Why Does Maria Cantwell Hate Jobs For Americans?

Yet another example of using the EPA to beat American businesses bloody and senseless.

Last week, Washington State junior U.S. Senator Maria Cantwell joined in the Obama administration’s curious war on American jobs. The newest target in Cantwell’s sights is a large proposed project in a sparsely populated corner of Southwest Alaska called the Pebble Mine, an undertaking to unearth rare natural resources that could provide thousands of well-paid jobs and millions in tax revenue to an area that is currently impoverished.

Even before the project has applied for permits, while plans for the Pebble Mine are being worked on and costly studies conducted, Cantwell has already requested the Environmental Protection Administration invoke subsection 404(c) of the Clean Water Act. Subsection 404(c) denies the disposal of dredge spoils or fill onto any land potentially draining into the nearby Kvichak and Nushagak Rivers.


The Pebble Partnership has already invested more than $120 million on environmental and socioeconomic studies associated with the Pebble Mine proposal, research that would be open to the scrutiny of the EPA, the Congress, environmental activists, and the public, if it were not for Cantwell’s move to preempt. They anticipate spending several times that amount by the time the 70 required state and federal permits have been obtained for the project. (Emphasis mine.)

How many millions can job creators be asked to forfeit before they take their toys and go somewhere else to play?


Filed under 2012 Senate Races, Maria Cantwell

3 responses to “Why Does Maria Cantwell Hate Jobs For Americans?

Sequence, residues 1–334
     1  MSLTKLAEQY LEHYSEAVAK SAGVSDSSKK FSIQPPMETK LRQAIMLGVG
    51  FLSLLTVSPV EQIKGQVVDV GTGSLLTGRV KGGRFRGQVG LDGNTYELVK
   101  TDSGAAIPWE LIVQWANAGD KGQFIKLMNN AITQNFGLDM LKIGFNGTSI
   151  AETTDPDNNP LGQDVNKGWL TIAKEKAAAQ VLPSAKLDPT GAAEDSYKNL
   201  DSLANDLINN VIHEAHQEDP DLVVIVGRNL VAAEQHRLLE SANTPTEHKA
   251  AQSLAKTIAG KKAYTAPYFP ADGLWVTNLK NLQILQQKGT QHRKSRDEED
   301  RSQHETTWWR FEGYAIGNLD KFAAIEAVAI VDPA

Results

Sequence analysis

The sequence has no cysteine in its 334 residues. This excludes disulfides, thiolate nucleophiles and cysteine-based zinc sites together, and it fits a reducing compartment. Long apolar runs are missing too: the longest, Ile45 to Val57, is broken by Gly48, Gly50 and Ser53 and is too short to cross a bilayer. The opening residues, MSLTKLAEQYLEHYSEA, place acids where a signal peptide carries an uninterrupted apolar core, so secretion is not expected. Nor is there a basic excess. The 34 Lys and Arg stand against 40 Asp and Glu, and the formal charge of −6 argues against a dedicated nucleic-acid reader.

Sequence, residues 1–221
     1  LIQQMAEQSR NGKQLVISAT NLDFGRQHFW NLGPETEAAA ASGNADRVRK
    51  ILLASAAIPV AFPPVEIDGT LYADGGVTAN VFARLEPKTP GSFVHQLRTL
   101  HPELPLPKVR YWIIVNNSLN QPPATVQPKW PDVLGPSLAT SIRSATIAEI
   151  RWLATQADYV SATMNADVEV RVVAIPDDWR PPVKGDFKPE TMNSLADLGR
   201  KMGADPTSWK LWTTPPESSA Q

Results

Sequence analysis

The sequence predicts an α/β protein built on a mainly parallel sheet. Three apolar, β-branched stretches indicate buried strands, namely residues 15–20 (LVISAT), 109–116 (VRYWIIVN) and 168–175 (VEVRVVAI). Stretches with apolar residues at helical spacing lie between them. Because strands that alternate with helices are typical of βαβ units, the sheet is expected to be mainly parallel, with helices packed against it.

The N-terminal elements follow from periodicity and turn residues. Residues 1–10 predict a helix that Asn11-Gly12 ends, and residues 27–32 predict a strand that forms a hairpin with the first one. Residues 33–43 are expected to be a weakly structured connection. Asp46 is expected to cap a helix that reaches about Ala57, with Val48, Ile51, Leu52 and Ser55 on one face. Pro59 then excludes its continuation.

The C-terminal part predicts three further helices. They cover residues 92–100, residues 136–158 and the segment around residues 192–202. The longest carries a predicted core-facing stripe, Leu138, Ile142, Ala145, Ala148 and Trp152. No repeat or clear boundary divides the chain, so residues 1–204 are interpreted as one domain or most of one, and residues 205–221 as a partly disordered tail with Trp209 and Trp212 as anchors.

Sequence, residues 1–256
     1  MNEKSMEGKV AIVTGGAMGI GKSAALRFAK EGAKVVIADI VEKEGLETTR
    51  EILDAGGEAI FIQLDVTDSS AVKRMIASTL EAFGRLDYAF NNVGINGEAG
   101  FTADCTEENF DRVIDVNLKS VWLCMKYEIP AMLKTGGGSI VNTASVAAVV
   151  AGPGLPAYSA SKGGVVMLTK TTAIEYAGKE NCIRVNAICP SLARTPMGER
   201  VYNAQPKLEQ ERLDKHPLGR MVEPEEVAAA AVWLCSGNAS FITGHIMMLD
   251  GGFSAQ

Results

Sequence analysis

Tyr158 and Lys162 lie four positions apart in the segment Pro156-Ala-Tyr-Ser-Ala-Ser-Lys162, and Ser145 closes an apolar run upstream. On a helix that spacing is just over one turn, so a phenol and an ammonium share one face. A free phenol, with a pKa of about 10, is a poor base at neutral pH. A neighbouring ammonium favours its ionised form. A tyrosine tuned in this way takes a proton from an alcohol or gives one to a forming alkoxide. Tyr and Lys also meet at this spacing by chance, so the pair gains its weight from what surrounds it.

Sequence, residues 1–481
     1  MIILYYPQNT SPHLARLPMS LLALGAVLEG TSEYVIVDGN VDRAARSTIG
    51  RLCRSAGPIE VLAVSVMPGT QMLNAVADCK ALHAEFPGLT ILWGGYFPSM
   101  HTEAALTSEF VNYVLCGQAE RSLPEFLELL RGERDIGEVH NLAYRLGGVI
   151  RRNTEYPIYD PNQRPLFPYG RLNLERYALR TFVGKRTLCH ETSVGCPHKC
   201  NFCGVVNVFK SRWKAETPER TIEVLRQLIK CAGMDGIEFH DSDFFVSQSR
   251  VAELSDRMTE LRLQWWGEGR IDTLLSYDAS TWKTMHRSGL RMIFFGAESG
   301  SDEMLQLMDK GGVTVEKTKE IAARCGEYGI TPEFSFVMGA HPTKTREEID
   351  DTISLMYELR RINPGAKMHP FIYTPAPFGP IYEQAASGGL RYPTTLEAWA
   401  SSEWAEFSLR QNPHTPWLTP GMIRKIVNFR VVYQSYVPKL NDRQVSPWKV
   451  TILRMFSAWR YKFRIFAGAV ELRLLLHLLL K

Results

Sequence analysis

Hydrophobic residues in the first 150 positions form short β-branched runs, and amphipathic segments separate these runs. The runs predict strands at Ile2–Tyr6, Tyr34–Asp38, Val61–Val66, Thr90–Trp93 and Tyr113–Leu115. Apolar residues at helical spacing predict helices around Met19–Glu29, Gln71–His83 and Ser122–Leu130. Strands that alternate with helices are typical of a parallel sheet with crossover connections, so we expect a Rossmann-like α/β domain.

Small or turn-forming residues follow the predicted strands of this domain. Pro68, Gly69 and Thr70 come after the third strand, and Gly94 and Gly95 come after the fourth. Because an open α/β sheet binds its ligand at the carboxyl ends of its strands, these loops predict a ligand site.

1. Pingback: Why Does Maria Cantwell Hate Jobs For Americans?

  2. Hale Orviston

    The National Academy of Sciences, Committee on Critical Mineral Impacts of the US Economy has noted that while copper is certainly essential to the economy, the mineral is not in a critical state of supply. There are other copper deposits out there that do not sit a top spawning habitat for the world’s largest salmon ecosystem.

    The Bristol Bay commercial fishery alone supports over 12,000 jobs, the sport fishing industry generates $166 million for the state, and the fishery as a whole provides roughly $450 – $500 million a year in regionally driven revenue. Let’s not forget the native communities that have subsisted off of this vital salmon ecosystem for thousands of years, this issue goes well beyond jobs to livelihood, culture, and history.

    There is not one example of an open pit mine not polluting the surrounding watersheds. I guess you’re willing to trade 12,000 sustainable jobs for a couple of thousand mining jobs that will be long gone while the damage to the habitat will remain in perpetuity.

    Oh, and the companies that are developing that proposed project? UK and Canadian based.

    • It's Only Words

      Our society has been built on the value of ignoring perceived impossibilities when setting our goals. Just because something hasn’t yet been done, doesn’t mean it can’t be done. All advancements had to first cross a threshold that had never been crossed.

      Following your logic, we’d all still be living in caves and wondering what those opposable thumbs were for.

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